Can cannabis be a sleep aid?

Share on PinterestStudies have produced mixed results about cannabis as an aid to sleep.

Cannabis is known to induce a state of relaxation and drowsiness that could help to induce sleep.

Research on the possible sleep effects of cannabis date back to the 1970s, but high-quality studies are scarce because of the drug’s legal status.

The ongoing changes in the legality of cannabis are being driven by changes in attitude and by a greater understanding of its potential medicinal use.

There are many different components found in cannabis. The two most commonly studied elements are:

  • Cannabidiol (CBD): This is a non-psychoactive compound, meaning that it does not induce the highs associated with cannabis.
  • Tetrahydrocannabinol (THC): This is a psychoactive component that causes many of the feelings of being high.

Most medical research has focused on CBD, which has several proven health benefits.

What do the studies say?

A study in 147 participants with and without sleeping difficulties found that cannabis use reduced the time taken to get to sleep in both groups.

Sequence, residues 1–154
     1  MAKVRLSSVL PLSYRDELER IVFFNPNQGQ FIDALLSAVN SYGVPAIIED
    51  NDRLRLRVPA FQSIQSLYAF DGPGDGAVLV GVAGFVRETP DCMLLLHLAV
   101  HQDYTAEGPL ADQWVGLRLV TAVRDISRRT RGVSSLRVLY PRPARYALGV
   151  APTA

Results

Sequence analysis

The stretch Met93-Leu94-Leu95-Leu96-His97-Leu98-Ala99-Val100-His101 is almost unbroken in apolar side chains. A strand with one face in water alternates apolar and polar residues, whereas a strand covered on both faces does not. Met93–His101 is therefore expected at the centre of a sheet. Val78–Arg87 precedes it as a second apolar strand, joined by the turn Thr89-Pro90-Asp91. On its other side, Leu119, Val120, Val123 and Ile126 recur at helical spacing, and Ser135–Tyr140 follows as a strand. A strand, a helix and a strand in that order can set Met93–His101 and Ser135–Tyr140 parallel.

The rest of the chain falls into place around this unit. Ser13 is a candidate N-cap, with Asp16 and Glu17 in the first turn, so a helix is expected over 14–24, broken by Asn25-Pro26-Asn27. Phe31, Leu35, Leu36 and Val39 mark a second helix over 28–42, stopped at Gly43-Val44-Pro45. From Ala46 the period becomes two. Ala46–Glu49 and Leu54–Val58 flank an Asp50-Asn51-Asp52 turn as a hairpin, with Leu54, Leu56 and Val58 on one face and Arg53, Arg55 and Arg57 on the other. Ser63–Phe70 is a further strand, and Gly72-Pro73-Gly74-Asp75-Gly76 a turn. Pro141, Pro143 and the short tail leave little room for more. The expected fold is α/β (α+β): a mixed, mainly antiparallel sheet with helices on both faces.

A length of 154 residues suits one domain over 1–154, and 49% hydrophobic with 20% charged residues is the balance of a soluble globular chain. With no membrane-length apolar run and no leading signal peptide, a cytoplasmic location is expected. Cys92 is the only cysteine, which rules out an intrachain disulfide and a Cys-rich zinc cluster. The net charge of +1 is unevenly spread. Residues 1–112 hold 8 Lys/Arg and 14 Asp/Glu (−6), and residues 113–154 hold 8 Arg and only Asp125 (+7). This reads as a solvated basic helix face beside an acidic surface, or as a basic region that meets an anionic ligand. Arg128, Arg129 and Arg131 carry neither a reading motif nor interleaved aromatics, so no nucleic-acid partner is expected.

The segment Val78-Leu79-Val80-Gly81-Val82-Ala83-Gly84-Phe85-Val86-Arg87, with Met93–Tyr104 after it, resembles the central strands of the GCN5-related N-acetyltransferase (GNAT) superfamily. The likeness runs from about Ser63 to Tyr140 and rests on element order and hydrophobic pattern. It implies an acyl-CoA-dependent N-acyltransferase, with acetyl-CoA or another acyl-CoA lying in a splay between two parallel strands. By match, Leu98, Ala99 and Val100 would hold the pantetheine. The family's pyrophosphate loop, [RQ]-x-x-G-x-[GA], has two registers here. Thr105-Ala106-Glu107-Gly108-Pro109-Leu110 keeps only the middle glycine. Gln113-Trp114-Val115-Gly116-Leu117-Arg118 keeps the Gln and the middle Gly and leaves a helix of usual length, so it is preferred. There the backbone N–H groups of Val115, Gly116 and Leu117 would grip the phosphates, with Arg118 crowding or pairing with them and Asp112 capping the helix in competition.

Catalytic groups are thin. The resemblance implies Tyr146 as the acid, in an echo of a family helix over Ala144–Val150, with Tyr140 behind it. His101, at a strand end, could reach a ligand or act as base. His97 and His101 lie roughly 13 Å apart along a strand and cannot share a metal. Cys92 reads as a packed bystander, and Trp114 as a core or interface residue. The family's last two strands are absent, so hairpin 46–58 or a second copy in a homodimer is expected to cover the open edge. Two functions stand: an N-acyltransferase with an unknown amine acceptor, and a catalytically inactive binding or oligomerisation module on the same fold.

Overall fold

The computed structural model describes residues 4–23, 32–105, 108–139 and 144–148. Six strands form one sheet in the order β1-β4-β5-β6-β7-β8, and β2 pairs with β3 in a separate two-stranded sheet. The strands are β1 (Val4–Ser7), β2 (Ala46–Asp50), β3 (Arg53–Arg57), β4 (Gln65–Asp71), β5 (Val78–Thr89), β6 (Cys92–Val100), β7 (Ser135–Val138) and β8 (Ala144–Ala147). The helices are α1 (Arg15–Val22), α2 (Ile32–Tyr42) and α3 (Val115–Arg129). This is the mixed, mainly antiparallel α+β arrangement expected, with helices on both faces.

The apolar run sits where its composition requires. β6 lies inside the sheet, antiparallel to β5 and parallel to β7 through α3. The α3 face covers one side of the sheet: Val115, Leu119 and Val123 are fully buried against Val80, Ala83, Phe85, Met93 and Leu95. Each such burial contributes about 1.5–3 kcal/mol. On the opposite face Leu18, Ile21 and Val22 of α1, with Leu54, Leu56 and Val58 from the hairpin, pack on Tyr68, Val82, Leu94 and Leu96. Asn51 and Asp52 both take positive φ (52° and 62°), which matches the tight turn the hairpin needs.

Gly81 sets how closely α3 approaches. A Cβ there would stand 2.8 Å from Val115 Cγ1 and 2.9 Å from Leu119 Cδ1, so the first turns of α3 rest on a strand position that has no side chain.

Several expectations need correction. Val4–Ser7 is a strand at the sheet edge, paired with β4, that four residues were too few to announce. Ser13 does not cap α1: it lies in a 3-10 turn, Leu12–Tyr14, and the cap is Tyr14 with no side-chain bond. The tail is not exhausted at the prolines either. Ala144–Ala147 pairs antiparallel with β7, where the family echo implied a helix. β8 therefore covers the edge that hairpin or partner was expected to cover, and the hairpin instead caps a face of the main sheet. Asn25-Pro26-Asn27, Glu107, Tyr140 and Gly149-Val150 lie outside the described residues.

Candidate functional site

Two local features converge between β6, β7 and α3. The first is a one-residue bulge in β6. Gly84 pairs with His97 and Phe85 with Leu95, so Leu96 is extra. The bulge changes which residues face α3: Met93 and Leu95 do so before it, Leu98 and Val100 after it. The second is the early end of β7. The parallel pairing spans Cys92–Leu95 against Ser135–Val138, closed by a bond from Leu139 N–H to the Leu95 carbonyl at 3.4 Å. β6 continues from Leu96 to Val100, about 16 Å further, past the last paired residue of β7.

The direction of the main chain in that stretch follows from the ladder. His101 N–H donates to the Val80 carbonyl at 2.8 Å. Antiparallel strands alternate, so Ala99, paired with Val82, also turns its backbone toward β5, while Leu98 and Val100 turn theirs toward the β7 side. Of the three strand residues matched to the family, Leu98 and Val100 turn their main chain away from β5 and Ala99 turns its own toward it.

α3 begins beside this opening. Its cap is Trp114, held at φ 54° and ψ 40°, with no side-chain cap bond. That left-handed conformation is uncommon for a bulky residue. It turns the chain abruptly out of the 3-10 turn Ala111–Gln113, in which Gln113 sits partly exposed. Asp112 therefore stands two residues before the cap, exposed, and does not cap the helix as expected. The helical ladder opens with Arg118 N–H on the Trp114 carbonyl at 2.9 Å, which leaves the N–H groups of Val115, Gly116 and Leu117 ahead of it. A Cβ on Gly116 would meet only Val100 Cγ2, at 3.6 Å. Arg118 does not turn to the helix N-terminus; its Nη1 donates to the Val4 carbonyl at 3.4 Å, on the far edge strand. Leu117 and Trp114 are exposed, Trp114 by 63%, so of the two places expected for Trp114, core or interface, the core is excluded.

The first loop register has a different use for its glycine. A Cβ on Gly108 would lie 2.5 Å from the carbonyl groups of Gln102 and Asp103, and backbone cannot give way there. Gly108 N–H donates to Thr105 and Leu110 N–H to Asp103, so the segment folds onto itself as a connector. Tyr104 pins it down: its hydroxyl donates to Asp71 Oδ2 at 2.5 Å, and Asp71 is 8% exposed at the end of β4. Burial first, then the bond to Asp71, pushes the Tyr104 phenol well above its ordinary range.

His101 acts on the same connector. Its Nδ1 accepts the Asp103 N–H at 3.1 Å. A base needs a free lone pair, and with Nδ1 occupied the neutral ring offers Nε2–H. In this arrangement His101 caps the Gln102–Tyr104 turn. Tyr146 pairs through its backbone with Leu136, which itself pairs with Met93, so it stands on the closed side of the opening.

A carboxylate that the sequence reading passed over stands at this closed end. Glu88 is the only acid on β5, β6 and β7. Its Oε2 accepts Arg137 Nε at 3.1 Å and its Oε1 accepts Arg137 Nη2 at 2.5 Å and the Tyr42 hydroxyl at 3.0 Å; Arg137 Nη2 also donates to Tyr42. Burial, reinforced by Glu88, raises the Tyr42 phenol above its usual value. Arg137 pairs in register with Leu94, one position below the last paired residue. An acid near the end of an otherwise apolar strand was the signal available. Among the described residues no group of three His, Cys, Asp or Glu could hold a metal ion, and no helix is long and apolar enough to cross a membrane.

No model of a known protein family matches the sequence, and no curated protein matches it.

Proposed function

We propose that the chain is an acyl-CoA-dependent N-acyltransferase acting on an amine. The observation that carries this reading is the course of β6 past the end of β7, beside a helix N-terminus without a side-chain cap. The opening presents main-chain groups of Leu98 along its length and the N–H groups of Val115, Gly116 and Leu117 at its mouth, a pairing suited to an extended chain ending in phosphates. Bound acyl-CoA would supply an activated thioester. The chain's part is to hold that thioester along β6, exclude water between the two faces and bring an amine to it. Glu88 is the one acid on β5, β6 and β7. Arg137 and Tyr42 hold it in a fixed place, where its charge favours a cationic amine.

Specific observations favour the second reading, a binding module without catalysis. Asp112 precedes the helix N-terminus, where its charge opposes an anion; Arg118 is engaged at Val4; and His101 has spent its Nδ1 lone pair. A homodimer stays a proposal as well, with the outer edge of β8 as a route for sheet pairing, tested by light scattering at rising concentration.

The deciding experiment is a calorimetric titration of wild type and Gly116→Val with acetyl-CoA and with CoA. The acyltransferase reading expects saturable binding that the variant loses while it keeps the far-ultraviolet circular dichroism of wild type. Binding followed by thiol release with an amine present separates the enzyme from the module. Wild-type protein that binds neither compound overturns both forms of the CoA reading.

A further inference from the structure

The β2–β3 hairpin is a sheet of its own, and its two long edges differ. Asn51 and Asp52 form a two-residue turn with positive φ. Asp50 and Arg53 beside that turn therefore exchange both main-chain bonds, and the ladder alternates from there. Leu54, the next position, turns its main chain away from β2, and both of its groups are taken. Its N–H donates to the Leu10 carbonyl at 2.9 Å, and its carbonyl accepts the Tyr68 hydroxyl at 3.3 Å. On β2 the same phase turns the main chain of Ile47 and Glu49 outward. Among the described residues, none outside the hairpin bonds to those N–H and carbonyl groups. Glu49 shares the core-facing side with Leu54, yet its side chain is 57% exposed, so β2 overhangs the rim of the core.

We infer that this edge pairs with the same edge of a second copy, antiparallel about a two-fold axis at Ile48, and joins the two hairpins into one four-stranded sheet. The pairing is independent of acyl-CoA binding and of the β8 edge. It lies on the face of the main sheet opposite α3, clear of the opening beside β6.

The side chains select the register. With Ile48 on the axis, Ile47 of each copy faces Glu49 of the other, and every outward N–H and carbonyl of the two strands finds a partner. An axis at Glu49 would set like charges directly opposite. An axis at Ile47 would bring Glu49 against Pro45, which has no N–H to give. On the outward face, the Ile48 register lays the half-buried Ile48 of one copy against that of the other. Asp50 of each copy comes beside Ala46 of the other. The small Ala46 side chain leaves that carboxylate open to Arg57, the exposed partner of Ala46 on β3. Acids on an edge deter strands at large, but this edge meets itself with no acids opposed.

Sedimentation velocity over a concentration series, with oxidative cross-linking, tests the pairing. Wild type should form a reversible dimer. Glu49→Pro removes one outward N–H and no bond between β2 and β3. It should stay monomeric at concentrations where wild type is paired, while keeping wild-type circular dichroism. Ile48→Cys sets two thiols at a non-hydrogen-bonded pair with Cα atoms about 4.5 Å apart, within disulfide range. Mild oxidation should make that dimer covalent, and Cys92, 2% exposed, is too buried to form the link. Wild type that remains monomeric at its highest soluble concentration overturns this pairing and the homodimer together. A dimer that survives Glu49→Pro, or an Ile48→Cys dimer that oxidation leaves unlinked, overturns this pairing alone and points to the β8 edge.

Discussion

A further 2014 study looked at the therapeutic effect of CBD in people whose sleep was disrupted by anxiety, such as in the case of post-traumatic stress disorder (PTSD).

The research team noted that, at the time, PTSD was an acceptable condition for medicinal cannabis use in five states, and cannabis use for medical reasons was growing in the U.S.

The study concluded that many people with PTSD used cannabis to help them sleep. But the long-term consequence of the habit was not known, and more research in this area was needed.

But a 2017 review of the scientific research into cannabis use for sleep and sleep disorders concludes that the overall picture is far from clear and more studies are needed.

A study, using rodents only, found that CBD could induce a deeper sleep state in rats that researchers had subjected to anxiety.

But an earlier study in humans found that CBD produced a more alert state, while THC acted as a sedative.

A further 2016 study found that daily cannabis use had a negative impact on sleep quality in young adults who had no reported sleeping difficulties.

Again, the researchers in this last study concluded that more large-scale research was needed to assess the true impact of cannabis on sleep.